Libya’s archaeological heritage among the world’s most endangered
By Libya Herald reporters.
Tripoli, 14 July 2016:
Some ten percent of the world’s most threatened heritage sites are in Libya UNESCO has warned.
Cyrenaica, Leptis Magna, Sabratha, the old town of Ghadames and the rock-art sites of Tadart Acacus are all at serious risk, said the UN body’s World Heritage Committee said in Istanbul at its annual meeting.
UNESCO explained that damage had already been inflicted by armed groups at or near the sites. It feared that worse could follow.
The organisation did not mention the willingness over the years of guides to the Acacus rock paintings to throw water over the precious remains, in order to make them more visible for tourists.
UNESCO called on the international community to protect the sites. It did not however make clear how this might be done.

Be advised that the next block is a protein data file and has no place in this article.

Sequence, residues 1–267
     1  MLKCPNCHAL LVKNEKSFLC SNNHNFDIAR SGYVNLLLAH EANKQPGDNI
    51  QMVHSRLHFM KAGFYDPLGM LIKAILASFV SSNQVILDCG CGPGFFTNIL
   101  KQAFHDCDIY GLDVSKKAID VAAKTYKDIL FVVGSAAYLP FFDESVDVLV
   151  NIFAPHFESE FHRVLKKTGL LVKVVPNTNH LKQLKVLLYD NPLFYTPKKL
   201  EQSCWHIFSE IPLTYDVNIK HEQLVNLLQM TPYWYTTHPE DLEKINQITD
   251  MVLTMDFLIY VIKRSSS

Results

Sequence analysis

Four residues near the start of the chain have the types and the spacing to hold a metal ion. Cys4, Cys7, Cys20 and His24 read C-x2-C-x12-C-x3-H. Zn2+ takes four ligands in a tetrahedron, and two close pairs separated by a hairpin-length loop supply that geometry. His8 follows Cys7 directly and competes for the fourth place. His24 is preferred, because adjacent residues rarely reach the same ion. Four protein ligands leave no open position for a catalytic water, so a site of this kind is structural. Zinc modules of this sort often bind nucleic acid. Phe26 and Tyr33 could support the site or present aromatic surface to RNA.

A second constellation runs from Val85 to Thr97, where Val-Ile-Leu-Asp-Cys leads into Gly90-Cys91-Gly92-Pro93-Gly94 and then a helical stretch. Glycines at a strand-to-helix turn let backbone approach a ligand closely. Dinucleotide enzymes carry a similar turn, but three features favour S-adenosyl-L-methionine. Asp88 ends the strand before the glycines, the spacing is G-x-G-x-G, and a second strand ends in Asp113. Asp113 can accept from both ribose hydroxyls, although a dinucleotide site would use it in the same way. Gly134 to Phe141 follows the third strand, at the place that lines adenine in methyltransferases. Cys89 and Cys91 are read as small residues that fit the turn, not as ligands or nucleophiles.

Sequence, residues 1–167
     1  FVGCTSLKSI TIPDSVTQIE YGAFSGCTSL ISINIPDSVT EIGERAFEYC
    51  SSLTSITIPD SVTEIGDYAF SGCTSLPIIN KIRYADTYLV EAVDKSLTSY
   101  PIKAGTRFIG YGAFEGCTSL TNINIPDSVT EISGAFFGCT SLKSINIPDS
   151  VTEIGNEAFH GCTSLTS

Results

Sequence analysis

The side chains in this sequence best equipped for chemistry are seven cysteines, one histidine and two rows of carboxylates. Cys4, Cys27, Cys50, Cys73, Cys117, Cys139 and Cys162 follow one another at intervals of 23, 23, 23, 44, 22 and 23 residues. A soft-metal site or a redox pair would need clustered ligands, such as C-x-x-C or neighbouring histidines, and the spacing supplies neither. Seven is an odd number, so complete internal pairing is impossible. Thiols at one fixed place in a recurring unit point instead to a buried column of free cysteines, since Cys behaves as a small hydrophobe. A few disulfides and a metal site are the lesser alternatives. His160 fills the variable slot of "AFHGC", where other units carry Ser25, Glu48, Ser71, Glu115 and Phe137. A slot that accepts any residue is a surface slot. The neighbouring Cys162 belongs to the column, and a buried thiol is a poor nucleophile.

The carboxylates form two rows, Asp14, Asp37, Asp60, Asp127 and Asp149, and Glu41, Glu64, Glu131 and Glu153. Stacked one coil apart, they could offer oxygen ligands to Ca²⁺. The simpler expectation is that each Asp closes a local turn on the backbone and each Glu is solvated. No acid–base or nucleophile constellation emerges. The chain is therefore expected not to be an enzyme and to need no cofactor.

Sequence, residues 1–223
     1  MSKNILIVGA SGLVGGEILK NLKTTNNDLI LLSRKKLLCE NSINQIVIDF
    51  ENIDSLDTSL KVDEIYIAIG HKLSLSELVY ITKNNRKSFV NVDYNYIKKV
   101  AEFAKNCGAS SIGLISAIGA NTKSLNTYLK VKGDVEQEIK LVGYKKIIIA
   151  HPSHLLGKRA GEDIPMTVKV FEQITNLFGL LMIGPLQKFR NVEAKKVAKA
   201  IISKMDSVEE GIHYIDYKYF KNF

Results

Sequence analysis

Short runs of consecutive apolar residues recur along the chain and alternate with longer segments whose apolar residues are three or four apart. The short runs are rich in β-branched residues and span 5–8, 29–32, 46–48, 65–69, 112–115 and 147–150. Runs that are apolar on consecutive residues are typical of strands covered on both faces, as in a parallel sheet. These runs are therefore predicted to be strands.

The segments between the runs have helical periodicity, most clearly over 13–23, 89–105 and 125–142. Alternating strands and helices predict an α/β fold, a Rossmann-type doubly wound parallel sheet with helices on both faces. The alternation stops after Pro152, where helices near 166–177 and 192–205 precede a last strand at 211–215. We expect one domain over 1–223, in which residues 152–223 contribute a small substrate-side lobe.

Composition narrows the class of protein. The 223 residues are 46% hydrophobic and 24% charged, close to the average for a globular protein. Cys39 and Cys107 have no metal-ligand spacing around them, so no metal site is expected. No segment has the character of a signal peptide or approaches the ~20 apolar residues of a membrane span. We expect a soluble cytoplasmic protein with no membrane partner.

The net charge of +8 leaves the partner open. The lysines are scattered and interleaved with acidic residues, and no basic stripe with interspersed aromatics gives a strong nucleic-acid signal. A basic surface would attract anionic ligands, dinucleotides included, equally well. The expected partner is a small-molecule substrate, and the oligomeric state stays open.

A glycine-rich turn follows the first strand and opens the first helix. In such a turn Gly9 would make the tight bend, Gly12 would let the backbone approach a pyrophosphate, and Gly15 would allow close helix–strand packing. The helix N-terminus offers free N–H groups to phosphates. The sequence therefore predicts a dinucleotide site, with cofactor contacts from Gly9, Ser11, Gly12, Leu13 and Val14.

It warned that there were 54 sites world-wide that were in jeopardy.
Cyrenaica alone holds a more extensive range of classical remains than even Greece itself. The remains of Sabratha and Leptis Magna can rival any Roman ruins in the world.
UNESCO said that it had placed the five Libyan sites on its most threatened register because of the damage that has already been sustained and the serious threat of further destruction that they faced.
This Istanbul meeting did not speciifally address the continuing problem of the smuggling of historic artefacts from Libya.
Members of the Qaddafi regime frequently plundered museums for choice pieces. Since the Revolution, museums around the world have been put on the alert to look out for stolen items. However, the flow of smuggled artefacts from Libya continues. Last year an Italian curator told this newspaper that it was private collectors who represented the greatest danger to Libya’s priceless archaeological heritage.